Ozone depleting substance to be on rise

A study published (6 November 2014) in Nature reports of a recent increase in atmospheric hydrogen chloride (HCl), a signature of the presence of ozone-destroying chemicals. The study shows that this unexpected increase has occurred in the Northern hemisphere since 2007, as a result of a temporary but prolonged anomaly in atmospheric circulation. This circulation change has led to a transient reversal in the decline of HCl which would be expected under the Montreal Protocol.

HCl relative rates of change for eight NDACC sites.

Figure 1. HCl relative rates of change for eight NDACC sites. The panels provide the rates of change (%/year) either for the 1997-2007 (1999-2007 for Thule and Izana, 1998-2007 for Tsukuba) or 2007-2011 time period. The rates of change were derived from the FTIR and GOZCARDS observational data sets and from the two SLIMCAT simulated time series (see legend for colour code). The error bars correspond to the 2-σ level of uncertainty. (Click to view larger image.)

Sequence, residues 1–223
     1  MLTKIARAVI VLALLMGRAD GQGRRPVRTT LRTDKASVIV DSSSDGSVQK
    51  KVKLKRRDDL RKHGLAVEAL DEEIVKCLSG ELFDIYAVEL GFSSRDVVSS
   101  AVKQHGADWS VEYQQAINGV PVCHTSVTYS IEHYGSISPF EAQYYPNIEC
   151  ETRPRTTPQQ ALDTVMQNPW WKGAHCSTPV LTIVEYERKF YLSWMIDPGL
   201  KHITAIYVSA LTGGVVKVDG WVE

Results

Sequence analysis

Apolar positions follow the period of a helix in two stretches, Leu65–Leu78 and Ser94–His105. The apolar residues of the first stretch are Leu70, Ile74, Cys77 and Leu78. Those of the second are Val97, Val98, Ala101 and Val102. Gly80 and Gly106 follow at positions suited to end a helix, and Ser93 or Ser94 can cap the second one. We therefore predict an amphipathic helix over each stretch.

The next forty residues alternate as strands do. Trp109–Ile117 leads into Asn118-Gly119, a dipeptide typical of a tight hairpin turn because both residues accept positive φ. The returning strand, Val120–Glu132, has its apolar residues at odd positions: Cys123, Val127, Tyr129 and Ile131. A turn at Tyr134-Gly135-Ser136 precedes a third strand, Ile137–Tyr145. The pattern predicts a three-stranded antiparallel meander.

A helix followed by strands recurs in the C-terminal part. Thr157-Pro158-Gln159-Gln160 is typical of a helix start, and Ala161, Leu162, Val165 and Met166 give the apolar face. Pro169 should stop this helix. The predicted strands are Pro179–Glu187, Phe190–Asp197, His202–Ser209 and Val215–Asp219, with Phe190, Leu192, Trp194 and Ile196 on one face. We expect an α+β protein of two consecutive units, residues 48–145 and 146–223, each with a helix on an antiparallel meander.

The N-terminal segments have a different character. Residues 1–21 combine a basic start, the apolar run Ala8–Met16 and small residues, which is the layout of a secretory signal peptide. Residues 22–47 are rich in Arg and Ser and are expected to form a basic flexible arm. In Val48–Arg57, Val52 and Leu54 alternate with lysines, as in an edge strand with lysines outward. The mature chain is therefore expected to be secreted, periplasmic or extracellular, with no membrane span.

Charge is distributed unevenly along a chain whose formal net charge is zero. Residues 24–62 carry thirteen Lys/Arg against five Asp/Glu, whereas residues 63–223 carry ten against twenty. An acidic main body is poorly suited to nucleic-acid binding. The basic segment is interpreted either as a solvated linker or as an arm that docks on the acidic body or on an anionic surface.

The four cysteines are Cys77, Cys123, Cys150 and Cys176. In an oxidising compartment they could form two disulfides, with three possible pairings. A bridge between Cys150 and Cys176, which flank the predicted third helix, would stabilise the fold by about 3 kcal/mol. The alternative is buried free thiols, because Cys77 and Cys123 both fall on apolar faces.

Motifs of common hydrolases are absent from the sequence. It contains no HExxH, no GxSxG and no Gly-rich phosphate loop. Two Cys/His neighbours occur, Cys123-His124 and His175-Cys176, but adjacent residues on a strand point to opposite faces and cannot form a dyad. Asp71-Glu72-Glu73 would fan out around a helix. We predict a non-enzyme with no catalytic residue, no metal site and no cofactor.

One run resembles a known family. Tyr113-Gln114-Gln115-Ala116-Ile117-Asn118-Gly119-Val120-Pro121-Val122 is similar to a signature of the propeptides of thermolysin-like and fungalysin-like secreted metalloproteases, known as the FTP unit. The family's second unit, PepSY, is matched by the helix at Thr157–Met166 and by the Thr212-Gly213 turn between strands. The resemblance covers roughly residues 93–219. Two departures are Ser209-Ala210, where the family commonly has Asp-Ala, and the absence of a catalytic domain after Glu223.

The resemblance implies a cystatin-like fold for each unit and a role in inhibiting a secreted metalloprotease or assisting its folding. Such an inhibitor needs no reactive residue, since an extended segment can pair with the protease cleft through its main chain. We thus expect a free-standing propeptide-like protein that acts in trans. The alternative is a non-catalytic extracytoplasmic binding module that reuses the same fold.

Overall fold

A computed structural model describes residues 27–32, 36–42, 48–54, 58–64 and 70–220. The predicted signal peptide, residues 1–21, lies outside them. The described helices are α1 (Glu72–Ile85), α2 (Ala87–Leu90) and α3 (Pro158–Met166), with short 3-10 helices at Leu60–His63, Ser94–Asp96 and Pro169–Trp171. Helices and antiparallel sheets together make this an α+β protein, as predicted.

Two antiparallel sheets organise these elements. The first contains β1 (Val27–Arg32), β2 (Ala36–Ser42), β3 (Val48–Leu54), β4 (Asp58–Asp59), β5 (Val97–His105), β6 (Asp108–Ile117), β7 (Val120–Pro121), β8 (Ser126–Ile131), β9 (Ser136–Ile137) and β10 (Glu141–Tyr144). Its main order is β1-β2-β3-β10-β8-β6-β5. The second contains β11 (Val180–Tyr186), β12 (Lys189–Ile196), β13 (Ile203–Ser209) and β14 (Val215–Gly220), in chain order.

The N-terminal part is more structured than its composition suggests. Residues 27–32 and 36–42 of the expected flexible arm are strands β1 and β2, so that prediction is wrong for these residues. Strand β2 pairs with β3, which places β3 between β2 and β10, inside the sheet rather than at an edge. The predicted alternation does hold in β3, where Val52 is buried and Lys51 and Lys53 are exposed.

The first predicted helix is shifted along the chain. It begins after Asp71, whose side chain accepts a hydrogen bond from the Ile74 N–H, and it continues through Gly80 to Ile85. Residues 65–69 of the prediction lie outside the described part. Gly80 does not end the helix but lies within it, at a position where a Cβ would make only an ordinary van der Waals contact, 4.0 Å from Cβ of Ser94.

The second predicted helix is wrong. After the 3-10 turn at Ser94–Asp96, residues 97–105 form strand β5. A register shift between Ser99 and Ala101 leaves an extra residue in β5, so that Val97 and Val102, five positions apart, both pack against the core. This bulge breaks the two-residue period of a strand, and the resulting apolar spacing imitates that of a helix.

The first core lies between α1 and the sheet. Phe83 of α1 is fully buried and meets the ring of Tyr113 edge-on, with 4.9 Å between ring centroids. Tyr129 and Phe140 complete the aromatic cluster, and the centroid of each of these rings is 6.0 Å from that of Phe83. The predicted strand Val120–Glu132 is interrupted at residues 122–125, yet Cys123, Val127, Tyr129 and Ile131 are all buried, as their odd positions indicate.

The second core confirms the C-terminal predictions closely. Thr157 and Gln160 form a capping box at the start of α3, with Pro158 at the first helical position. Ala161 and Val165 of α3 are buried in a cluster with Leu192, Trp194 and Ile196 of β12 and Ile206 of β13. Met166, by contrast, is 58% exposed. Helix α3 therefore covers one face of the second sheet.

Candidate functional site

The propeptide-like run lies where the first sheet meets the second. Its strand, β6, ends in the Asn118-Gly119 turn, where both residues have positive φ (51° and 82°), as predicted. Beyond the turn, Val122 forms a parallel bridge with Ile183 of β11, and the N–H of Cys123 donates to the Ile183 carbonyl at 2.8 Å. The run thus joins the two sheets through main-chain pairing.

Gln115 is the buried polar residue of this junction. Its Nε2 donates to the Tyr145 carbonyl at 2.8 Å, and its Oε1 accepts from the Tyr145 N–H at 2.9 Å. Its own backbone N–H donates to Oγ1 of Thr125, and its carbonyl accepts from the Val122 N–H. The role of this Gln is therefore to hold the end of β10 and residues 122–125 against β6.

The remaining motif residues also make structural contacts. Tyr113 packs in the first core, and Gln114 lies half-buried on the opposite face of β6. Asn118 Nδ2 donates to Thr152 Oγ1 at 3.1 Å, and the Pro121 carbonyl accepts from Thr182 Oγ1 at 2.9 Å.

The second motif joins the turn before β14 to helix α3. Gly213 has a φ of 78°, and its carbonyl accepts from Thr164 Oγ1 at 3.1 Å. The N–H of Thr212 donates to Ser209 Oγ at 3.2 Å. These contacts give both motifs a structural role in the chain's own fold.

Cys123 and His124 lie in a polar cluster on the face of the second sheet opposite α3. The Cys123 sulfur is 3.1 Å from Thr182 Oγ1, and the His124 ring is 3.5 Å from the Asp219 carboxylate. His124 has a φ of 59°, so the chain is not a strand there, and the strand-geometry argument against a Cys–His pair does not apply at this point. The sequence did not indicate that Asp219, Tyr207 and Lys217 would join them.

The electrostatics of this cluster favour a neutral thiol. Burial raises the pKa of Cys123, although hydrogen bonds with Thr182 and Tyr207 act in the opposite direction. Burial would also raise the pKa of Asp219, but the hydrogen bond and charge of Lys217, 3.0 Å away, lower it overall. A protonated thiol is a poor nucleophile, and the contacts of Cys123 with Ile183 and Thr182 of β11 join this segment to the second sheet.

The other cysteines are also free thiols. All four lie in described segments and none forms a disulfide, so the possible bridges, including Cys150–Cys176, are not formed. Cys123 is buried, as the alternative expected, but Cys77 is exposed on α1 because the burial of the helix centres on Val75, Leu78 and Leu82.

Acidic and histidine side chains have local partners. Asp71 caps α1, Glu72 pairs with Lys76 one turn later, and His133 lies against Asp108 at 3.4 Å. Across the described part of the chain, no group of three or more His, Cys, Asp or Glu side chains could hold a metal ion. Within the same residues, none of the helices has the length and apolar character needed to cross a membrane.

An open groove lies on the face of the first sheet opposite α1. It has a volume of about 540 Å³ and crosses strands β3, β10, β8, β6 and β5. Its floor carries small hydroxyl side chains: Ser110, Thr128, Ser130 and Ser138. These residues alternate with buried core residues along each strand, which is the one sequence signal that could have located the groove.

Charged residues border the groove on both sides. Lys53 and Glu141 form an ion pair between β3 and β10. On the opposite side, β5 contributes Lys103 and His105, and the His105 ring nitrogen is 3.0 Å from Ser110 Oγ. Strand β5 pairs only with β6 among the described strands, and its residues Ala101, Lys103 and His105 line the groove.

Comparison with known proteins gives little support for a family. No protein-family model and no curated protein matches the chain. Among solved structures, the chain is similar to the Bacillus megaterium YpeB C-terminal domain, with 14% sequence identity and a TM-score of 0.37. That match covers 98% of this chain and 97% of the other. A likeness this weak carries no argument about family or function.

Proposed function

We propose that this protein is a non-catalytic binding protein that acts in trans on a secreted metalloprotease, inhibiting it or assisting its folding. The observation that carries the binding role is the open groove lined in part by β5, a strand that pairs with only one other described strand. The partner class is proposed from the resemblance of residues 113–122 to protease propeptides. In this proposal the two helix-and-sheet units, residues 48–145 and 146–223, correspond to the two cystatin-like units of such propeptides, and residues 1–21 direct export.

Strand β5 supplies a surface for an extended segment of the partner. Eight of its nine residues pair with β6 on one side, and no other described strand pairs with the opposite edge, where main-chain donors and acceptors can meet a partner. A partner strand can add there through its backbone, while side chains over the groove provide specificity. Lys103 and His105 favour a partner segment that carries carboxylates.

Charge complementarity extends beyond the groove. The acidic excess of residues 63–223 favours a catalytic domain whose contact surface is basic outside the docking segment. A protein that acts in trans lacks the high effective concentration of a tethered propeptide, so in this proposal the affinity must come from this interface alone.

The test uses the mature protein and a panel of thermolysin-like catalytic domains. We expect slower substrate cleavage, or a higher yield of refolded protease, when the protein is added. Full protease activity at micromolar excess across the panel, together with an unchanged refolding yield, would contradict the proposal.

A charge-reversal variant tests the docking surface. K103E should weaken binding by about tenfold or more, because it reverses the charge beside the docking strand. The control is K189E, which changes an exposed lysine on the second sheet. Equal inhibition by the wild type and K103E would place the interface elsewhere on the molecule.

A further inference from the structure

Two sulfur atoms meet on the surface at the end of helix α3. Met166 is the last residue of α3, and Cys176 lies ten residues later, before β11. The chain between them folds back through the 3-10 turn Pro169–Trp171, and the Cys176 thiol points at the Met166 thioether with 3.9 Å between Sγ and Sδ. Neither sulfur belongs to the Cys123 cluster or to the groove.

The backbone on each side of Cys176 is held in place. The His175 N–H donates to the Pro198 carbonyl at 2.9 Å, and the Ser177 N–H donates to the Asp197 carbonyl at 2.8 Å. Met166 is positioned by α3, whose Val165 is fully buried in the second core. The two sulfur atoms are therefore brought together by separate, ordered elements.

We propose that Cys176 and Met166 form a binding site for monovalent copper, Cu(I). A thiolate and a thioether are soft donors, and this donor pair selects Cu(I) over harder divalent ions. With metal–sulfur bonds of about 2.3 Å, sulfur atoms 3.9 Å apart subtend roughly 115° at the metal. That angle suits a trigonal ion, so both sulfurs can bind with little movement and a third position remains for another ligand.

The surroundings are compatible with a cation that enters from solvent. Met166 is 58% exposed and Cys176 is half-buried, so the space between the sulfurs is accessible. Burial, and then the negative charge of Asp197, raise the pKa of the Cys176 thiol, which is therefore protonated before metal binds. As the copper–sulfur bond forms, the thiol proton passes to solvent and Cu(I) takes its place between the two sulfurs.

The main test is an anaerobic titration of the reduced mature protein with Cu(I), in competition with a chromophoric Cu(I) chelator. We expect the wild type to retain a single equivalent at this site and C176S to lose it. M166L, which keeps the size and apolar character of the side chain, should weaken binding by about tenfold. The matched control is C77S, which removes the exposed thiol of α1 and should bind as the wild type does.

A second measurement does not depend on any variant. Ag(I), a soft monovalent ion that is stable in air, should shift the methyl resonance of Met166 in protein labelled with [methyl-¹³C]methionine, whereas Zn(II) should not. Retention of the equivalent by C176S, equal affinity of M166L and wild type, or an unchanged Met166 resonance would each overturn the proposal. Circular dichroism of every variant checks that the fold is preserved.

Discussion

Read the full press release, or view a summary of the research findings.

Short title: 
Unexpected Reversal of Northern Hemisphere Stratospheric Chlorine Burden
Image: 
HCl rates
Source: 
ACD
Audience: 
IRWG

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